The 351st Fighting Felines: You Don’t Want a Dog in this Catfight

Col. Tomcat Gizmo of the 351st Fighting Felines

Cats view World War II differently than humans do. Several books on the subject of feline heroism have been written by cats, including Saving Private Mittens and Band of Pussies. One problem in highlighting the heroic actions of WWII cats is that most who fought in WWII are either in Veterinarian Homes or were put to sleep decades ago. Some have managed to pass down their stories over several litters using the oral tradition of tongue-to-fur storytelling. Their stories have become a little confused, but using new FurSpeak® technology, I’ve taken the time to decipher and catalogue the compelling and inspirational stories of the 351st Fighting Felines so that everyone can appreciate the greatest generation of pussies.

The 351st Fighting Felines

The 351st Fighting Felines were the toughest rag-tag squadron of mousers you ever saw. Led by Col. Tomcat Gizmo (a mixed race Tabby), the swashbuckling 351st cleared the entire Ardennes Forest of mice so our GIs didn’t have to worry about knapsack pilfering during their march into Germany. Parachuting in under cover of darkness the 351st were chosen for the mission because, no matter how tricky the maneuver, they always landed on their feet. This pride of cats would claw their way to hell and back for Gizmo. They’d follow him to the ends of the Earth, or to wherever he shined that little red dot. Oh how they loved that little red dot. Once, while the 351st were securing the perimeter in Bastogne, they were shut into a closet and began suffering from diarrhea, prompting Gizmo’s famous remark, “Just remember troops, when one door closes, another one opens.”  

D-Day

“I like Ike. He’s the cat’s meow,” purred Col. Gizmo.

Gen. Eisenhower realized his error in allowing the 351st to storm the beaches of Normandy on D-Day June 6th 1944. Put it this way; you don’t get much production from a squadron of well-fed cats that have been cooped up in amphibious assault boats for a couple of hours. Because once they crossed the English Channel and hit those acres of sandy beaches, the giant seaside sandbox proved too much temptation for the 351st. They forgot all about the mission and began doing their duty. The wrong kind of duty. All over Omaha Beach. The poor slobs never stood a chance against the German Katzis safely ensconced in their pillboxes equipped with machine guns. As the guns started firing, the fur started flying and when 4077th Veterinarians MASH Unit asked if they were hurt all the kitties could say was, “Me. Ow!” Well at least the 351st died with their paws on. They also left plenty of “land mines” for our GIs to step in when they stormed the beach moments later. If only Army Intelligence had invented “clumping” litter earlier our troops wouldn’t have been knee deep in it later.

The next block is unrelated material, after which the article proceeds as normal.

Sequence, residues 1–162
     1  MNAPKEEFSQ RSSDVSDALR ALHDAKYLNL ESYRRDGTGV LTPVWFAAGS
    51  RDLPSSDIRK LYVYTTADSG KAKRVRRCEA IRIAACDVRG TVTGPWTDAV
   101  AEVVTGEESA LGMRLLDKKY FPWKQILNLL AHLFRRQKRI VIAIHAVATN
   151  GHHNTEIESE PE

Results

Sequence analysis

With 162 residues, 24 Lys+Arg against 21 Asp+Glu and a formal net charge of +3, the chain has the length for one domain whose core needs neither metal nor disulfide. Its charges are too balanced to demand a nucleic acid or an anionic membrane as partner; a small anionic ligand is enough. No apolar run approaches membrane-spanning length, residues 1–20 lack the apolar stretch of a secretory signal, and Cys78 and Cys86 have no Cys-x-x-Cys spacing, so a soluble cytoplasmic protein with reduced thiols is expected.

The 351st came from all walks of life. Some were neutered. Some spayed. But under the “Don’t ask, don’t tell” policy nobody knew. Of course when Lt. Puss-n-Boots went into heat everyone on the base pretty much figured she wasn’t spayed. Hygiene was never a problem for the 351st. They all licked each other clean – whether they were dirty or not. It was a lot like France that way.

Scaredy Cats

“I served in the National Guard. No really.”

Not all cats were patriotically oriented. Some pussies dodged the draft all together and hid away in a dark corner of the closet known as Canada. Now those were the real pussies. But for those valiant little kitties that heeded the call to claws and abandoned their scratching posts to serve in the 351st Fighting Felines or the 82nd Screaming Mimi’s, we salute you. It was from your sacrifice in giving up those precious 23 hours of sleep per day that has kept this land safe for democracy. Wherever our country needed paws on the ground, it was your willingness to go wherever the little red light takes you that warms the hearts of cat fanciers and patriots everywhere. 

 

Comments are closed.